8 Ways Creativity Can Help When Living With Chronic Illness
Creativity has played a profound role throughout my life. It has helped me not only process certain experiences, it has also been a therapeutic tool to know myself more deeply. This was especially true when I developed a chronic illness in my early 20s. I have spent my entire 20s and now my early 30s managing life with a chronic illness. These are the ways creativity has helped me cope and navigate my journey thus far.
1. Creativity is cathartic. After spending weeks recuperating from a kidney infection, one afternoon I pulled out a canvas. I threw red paint, anger and frustration at it. My room looked like a complete disaster when I finished, but I didn’t care. I felt better.
2. Creativity brought forth my voice. Through different creative endeavors, I was able to communicate the experiences I was having. This liberated me from the veil of shame and silence I had been hiding under for a long time. I’ve found creative expression healing on many levels – it’s like medicine for one’s heart.
3. Creativity helped me connect with myself. Every time I immersed myself into a project, it allowed me to forge a divide between my illness and me. The self I was connecting to in order to create was impenetrable to sickness and disease. This self had always been present, and would always be. I needed this reminder often, and this is why creativity helped me through my most difficult days.
4. Creativity is a wonderful distractor. Creativity demands your focus and attention. This has helped keep my mind from worrying about things beyond my control, like my heath and my future. Time flies by when you are having fun too, and it’s helped pass the time in moments when I really needed it to.
5. Creativity can be empowering. For one painting I did, the background was ripped up lab results from the past year. It just felt empowering to not feel measured by abstract numbers on a page that didn’t reflect me. I felt like I was taking back control in some way.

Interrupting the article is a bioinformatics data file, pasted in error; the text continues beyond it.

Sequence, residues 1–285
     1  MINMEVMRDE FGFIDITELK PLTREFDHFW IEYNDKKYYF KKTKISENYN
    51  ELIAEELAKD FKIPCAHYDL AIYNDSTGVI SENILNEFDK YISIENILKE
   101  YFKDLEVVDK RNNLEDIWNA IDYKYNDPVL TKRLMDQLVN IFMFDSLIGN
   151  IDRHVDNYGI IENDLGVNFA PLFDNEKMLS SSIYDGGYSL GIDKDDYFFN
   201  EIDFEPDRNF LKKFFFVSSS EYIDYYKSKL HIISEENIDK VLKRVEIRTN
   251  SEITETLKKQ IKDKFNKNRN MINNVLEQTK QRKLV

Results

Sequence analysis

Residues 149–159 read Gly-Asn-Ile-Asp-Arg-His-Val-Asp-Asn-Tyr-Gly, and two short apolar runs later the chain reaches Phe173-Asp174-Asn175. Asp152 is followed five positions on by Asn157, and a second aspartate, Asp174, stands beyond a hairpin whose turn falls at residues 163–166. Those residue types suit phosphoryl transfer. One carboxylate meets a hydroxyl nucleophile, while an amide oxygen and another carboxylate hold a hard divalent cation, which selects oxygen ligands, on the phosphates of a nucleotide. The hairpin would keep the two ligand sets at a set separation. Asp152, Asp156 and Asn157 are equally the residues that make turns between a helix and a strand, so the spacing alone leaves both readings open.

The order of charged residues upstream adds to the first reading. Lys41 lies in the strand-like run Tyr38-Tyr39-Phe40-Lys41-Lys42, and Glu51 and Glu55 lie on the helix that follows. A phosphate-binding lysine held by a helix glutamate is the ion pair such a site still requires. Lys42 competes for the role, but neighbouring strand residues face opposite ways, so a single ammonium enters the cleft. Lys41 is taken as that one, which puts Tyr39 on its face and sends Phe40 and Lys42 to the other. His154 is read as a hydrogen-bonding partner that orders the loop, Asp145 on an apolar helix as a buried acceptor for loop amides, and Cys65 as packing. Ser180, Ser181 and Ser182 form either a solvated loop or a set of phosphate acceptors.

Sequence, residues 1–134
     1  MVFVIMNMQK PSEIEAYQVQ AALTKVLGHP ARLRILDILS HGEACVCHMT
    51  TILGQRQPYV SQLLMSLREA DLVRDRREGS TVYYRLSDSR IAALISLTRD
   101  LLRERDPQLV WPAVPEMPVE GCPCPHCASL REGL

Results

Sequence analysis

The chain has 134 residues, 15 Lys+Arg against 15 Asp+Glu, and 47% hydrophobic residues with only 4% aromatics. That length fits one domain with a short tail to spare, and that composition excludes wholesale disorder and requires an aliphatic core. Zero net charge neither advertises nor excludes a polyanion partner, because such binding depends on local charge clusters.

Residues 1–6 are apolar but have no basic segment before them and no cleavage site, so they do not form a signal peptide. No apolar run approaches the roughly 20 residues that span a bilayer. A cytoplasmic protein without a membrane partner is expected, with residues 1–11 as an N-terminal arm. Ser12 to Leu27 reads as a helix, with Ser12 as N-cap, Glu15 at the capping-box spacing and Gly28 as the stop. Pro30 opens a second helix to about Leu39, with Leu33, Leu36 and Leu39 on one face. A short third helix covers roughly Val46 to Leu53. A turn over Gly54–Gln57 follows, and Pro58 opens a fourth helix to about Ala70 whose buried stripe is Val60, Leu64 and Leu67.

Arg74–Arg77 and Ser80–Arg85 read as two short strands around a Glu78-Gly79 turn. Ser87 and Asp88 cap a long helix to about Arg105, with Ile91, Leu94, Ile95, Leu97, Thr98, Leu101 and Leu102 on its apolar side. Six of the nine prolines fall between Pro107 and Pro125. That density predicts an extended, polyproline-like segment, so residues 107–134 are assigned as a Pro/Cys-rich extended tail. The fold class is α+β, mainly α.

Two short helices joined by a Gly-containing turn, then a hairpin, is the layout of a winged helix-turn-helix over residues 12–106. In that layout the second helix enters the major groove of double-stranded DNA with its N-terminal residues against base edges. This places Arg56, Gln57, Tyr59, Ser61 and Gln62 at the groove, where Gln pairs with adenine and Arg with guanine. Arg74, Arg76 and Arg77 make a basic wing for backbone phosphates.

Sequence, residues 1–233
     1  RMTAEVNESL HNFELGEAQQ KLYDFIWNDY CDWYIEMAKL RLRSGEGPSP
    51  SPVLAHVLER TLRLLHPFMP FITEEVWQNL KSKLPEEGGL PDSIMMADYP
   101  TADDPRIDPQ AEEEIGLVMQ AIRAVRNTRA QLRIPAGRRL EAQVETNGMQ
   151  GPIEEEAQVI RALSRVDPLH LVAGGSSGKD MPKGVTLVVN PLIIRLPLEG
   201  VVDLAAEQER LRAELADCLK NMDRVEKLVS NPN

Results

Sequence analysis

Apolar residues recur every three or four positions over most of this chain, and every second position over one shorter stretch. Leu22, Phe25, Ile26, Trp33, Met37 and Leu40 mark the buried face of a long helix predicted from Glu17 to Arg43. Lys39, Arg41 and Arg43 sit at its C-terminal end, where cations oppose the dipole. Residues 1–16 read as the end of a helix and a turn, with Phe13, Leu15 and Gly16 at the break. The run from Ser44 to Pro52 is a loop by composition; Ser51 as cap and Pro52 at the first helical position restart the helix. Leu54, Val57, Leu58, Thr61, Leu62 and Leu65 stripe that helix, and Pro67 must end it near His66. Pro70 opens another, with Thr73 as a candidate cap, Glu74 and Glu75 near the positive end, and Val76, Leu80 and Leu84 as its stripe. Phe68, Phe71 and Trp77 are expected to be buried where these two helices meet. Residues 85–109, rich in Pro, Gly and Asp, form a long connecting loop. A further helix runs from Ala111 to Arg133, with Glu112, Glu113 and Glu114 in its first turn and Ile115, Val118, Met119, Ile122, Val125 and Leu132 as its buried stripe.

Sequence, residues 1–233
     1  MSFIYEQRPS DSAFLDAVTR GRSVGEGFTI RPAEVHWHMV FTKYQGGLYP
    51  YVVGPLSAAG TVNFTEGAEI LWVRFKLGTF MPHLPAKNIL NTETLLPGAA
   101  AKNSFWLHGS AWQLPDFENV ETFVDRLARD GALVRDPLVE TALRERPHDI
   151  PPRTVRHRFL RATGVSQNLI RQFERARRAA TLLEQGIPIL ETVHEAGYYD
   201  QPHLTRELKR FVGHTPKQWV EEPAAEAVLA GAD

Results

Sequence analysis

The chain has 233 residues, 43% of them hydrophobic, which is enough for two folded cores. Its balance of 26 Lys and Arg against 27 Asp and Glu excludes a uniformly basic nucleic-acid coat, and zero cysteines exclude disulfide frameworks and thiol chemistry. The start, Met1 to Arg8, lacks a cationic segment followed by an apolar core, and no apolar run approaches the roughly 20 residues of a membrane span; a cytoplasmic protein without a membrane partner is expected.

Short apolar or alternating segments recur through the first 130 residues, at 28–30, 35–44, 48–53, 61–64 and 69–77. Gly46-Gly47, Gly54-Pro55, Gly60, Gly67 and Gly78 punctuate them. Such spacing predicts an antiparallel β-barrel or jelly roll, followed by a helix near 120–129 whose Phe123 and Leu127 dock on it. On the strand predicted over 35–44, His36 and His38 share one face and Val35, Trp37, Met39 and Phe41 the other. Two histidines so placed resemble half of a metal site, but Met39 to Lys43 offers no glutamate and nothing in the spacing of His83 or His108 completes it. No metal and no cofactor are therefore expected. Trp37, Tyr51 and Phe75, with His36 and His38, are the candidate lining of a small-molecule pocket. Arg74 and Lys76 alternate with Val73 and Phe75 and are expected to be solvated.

6. Creativity invites a sense of play and magic back into life. Both are often stifled in illness, and in our society in general. Welcoming a sense of playfulness into your space can feel like a breath of fresh air. It also helps decompressing from the stresses illness and life can bring. A common side effect of inviting play into your life is joy, so proceed with caution.
7. Creativity can be used as activism and a vehicle for change. I use creativity as a tool for resistance against stigma, judgment and the bigger systems of oppression at play in our society. I use it to bring awareness to the health inequality and social injustice that has surrounded the ME/CFS community for decades. I am challenging the ideas people have of my disease and of disability. I am taking back control of my story, and how my story is being told.
8. Creativity unites us. Music, dance, poetry, photography, theatre, books, art — sharing our creativity syncs our hearts and minds to each other. They are a way to feel what each other is feeling, relate and to connect to our vast experiences of what it means to be human. To share this connection helps you remember you aren’t alone, and we’re all in this together.
Creativity looks different for every individual. It can look like having an impromptu dance party in your kitchen, or it could be taking photos of very vulnerable moments in your life. To help find what creative expression works for you, ask yourself the following questions. Do you feel compelled to do it? Do you lose track of time when you are immersed in it? Do you feel better on some level after doing it? I encourage you to connect with your creative self as often as you can, and hope it helps you on your journey as well.
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